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Assuming EU will not budge, Britain ramps up preparations for no-deal Brexit

Boris Johnson, who took over as British prime minister with a promise to deliver Brexit by the end of October “no ifs or buts”, plans to seek a new exit deal with the EU. The EU has said repeatedly that the deal cannot be reopened.

Leading Brexit supporter Michael Gove, who Johnson has put in charge of ‘no deal’ preparations, wrote in the Sunday Times newspaper that the government would undertake “intensive efforts” to secure a better deal from the EU.

“We still hope they will change their minds, but we must operate on the assumption that they will not … No deal is now a very real prospect and we must make sure that we are ready,” Gove wrote.


From ‘Blade Runner’ to Brexit in England’s industrial north

Boris Johnson has a plan to turn the U.K.’s old industrial port towns into freewheeling outposts of “global Britain.”

The plan means setting up so-called free economic zones offering lower import taxes and looser regulation to lure investment in up to 10 ports. It chimes with the swashbuckling Brexiteer vision of an outward-facing British economy restored to its glory days, and also spins a positive view of the country’s future outside the EU.

A U.S. Congress report estimated there were more than 3,000 free economic zones worldwide in 2013. Britain closed its last free port in 2012, although there’s one on the Isle of Man, a U.K. crown dependency outside the EU. There are more than 80 across the EU offering various kinds of relief from taxes and tariffs to spur growth.



Middle East

Saudi Customs clears the first sea container via airport

Saudi Customs has announced the completion of the first clearance procedure of its kind in an unprecedented timely manner, where a shipment arriving from Moldova via LogiPoint’s bonded zone at Jeddah Islamic Port was cleared, transported by land transit, then re-exported by air cargo to its final destination through the Eastern province bonded zone at King Fahd International Airport.

This accomplishment highlights the important role of the Saudi Logistics hub and the positive benefits its infrastructure provides.

The bonded zones and bonded warehouses rules and regulations provide numerous benefits for foreign companies to invest in the Kingdom, most prominently, the ability to utilize bonded zone services without the need for a trade license in the Kingdom. The new regulations will allow the transport of goods between customs bonded zones in GCC countries without requiring any customs fees at the starting point.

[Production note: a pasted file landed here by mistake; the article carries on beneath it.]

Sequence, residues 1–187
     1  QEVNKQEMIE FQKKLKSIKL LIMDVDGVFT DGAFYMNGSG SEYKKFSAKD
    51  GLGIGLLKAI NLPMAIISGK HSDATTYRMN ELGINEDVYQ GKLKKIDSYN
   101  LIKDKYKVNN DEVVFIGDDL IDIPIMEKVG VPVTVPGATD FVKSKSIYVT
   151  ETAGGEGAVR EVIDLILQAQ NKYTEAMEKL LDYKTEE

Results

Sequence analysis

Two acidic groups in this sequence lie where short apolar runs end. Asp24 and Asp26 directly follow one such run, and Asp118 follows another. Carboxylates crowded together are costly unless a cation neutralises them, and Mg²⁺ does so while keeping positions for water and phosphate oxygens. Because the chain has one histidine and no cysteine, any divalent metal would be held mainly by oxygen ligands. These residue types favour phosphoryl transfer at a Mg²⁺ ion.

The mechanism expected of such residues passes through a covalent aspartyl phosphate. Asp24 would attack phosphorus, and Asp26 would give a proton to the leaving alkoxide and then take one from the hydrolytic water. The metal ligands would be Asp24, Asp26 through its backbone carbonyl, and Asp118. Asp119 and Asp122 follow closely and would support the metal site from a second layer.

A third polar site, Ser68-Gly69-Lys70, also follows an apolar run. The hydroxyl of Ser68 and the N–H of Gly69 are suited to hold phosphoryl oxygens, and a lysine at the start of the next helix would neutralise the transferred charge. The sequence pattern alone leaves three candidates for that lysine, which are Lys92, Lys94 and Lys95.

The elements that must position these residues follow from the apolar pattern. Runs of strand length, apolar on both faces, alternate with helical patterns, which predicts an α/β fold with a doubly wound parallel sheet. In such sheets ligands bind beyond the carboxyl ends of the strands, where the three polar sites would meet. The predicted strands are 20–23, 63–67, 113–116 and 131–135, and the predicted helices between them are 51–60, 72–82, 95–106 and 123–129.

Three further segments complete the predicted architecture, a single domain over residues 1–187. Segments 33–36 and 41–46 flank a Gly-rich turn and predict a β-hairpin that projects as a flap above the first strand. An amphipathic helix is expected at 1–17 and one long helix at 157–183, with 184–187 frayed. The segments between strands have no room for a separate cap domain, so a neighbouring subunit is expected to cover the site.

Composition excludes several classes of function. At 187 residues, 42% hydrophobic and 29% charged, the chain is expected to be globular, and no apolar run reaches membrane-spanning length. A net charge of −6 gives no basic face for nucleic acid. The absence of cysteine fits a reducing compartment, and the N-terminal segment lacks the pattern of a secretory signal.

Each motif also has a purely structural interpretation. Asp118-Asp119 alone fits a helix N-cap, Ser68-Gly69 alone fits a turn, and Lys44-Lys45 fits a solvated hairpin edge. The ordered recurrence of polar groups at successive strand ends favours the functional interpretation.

[Saudi Gazette]

Abu Dhabi waives 1% fee for refunding re-export security deposits

The Abu Dhabi Executive Council has issued a resolution to waive the 1 per cent fee collection when refunding the security deposit paid for the value of temporarily imported goods, reducing operating costs for companies in and trading with the UAE.

The fee was previously levied when refunding security deposits paid for re-exporting goods that have been imported to the UAE on a temporary basis, such as imports for exhibitions and projects, or goods brought in for manufacturing or repair.

Waiving the fee will promote re-exporting in Abu Dhabi and will further contribute to the emirate’s economic development and diversification.

[Khaleej Times]

Saudi Ports Authority in new international shipping deal

Saad Abdul Aziz Al-Khalb, President of the Saudi Ports Authority, (Mawani) commented that “We have issued a license to Maersk (Saudi Arabia) to operate in all 9 Saudi ports. This reflects our mutual confidence as container volume increases and KSA expands as regional logistics hub.”

This new Maersk shipping license is the fourth of its kind to be issued to foreign investors in the Kingdom. Maersk joins other major lines of Barwil, Hapag-Lloyd and the Mediterranean Shipping Company, already operating.

Maersk (Saudi Arabia) is the local division of one of the world’s largest and best-known logistics & shipping companies.

Saudi Arabian ports supervised by Mawani witnessed remarkable growth in tonnage handled during the first half of 2019, up by 133 million tonnes, an increase of 4.32 percent on the previous year, with the number of containers handled up by 3.4 million, an increase of 9.22 percent compared to the same period last year.